Bob Zarlengo and Zarlengo Raub
Bob: “Well, basically the conference is for exit planners. And what I talked about was how to cement yourself into exit planning for the family-owned business. Okay, so we talked about that. I started off and I spent a little bit of time telling them what a big segment that was in our economy. When I started doing the research on it, it even surprised me. 35% of the Fortune 500 companies are family-owned businesses. And I think the numbers are actually higher than that because I think there’s family-owned businesses out there that say, “I’m not telling you anything about my shop.” And so, there’s some of those out there – it might even be closer to 40%. Family-owned businesses have been responsible for over 70% of the increase in jobs over the last two years. So it’s just a real big segment.
I told them that when they start to do – first of all, I challenged them, I said, “Are you sure you want to do this?” Putting my family on top of the list, I haven’t met a family yet that’s not dysfunctional. And so when you get into it, you’re going to be dealing with as much emotional and psychological issues as your economic and business issues.
And so, if you want to get into it, this is one of the things you should do is start telling people what you do. Start getting testimonials from those family businesses that you are working with. Why did they hire you? Why did you choose me to do your exit planning? What are you getting out of it? What benefits and stuff. What do I bring to the table?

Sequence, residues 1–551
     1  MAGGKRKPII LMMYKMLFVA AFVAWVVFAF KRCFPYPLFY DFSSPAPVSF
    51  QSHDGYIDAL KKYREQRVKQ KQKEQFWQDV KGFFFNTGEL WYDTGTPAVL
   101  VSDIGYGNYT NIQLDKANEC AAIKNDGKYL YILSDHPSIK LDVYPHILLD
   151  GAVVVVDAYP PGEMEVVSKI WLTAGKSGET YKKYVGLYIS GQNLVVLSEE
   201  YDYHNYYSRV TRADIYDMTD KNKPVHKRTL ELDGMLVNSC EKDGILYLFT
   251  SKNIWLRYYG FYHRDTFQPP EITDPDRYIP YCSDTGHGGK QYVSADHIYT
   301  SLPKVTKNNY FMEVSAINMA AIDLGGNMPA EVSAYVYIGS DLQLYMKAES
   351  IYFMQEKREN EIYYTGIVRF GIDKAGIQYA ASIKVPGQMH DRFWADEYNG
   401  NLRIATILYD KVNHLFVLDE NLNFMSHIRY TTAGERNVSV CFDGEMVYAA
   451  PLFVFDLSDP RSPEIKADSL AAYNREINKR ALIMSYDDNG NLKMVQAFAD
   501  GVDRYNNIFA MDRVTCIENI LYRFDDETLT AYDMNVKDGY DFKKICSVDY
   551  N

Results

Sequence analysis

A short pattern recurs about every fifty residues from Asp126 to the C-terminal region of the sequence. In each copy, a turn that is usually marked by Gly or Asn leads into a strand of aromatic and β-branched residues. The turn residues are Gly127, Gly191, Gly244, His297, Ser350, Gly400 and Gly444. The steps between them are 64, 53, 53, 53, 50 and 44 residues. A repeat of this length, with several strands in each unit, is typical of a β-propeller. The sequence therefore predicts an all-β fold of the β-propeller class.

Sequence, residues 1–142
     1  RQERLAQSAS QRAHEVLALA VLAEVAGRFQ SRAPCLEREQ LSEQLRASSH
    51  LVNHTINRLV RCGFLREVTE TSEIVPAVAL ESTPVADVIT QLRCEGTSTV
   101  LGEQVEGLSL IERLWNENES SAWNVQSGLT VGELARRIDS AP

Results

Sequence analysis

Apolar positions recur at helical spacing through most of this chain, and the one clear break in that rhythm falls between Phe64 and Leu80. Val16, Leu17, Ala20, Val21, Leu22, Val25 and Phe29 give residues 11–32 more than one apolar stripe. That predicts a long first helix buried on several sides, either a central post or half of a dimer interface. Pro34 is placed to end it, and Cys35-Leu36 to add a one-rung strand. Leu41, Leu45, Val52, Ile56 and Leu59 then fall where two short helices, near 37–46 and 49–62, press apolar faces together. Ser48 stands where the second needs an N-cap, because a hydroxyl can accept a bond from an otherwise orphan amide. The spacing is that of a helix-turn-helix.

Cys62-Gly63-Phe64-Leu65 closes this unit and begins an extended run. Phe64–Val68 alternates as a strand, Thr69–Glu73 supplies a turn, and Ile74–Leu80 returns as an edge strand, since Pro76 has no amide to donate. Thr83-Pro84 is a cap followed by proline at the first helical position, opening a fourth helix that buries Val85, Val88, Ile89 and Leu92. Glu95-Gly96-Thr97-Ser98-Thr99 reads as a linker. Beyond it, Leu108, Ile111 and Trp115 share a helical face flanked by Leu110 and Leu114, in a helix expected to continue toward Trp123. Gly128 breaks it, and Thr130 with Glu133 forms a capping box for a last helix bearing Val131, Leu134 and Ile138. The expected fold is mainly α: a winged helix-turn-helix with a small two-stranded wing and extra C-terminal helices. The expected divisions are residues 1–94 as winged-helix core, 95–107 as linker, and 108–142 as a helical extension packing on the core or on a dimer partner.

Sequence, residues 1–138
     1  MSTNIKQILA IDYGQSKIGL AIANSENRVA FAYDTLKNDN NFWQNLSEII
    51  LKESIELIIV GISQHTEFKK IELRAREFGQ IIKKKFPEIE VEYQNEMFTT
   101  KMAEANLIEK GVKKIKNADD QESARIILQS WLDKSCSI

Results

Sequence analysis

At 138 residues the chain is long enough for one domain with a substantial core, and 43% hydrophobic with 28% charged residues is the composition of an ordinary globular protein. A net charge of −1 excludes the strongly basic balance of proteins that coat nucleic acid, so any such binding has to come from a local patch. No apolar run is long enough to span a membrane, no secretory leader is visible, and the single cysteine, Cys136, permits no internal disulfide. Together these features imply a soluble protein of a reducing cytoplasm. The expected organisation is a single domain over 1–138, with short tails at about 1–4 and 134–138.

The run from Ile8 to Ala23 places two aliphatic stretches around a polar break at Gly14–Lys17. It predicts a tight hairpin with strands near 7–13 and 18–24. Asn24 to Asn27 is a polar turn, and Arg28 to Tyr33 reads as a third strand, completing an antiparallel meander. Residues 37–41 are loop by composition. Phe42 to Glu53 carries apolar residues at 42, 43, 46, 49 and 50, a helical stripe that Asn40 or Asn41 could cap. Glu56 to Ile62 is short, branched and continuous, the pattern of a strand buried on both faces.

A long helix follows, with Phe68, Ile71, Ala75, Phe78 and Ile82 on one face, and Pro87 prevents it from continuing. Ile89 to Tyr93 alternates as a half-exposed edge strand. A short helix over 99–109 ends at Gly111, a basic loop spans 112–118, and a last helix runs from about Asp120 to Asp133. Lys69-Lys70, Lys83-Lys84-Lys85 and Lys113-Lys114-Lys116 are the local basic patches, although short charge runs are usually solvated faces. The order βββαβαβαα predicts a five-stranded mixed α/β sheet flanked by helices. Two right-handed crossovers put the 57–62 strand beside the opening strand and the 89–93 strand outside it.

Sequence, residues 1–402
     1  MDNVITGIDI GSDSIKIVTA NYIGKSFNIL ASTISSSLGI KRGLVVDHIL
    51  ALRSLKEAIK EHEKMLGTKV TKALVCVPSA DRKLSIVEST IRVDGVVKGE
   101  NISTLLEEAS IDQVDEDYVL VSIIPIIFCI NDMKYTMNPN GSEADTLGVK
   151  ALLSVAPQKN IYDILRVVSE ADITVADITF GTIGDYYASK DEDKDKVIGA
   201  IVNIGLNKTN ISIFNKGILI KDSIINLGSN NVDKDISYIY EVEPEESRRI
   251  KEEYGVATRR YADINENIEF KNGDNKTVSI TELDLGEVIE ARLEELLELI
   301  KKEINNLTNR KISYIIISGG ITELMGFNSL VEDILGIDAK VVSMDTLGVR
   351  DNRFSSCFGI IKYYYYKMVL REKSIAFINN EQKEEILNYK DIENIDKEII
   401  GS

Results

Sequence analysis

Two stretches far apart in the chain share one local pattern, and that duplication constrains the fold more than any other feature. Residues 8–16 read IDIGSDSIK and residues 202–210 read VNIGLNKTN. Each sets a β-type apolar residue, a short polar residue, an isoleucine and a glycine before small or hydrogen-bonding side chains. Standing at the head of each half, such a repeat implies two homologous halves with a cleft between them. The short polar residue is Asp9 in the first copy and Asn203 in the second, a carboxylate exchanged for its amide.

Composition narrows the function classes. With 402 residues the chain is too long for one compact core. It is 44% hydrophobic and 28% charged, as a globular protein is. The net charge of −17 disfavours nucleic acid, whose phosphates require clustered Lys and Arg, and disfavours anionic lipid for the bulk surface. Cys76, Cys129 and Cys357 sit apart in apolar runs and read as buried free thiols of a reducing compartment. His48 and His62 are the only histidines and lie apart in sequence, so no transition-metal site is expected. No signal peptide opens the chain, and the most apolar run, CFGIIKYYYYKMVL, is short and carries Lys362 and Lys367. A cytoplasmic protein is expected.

I told them that they have to be cautious to make sure that they don’t come into the equation being on one side or the other. They have to tow the rows so that the second generation is just as anxious to talk to them as the founding generation.
So those are some of the things I did, I said talk to whoever you can about it and tell them you’re doing that. I told them to check with their local university to see if they had any family business institute, as a lot of them do. And go to those and just tell them who you are. You have to be a kind of a passive salesman at those because normally you’d get a slap in the flesh, but for the most part, no, I thought it was pretty good. I’ve had a lot of comments from people coming up and thanking me.
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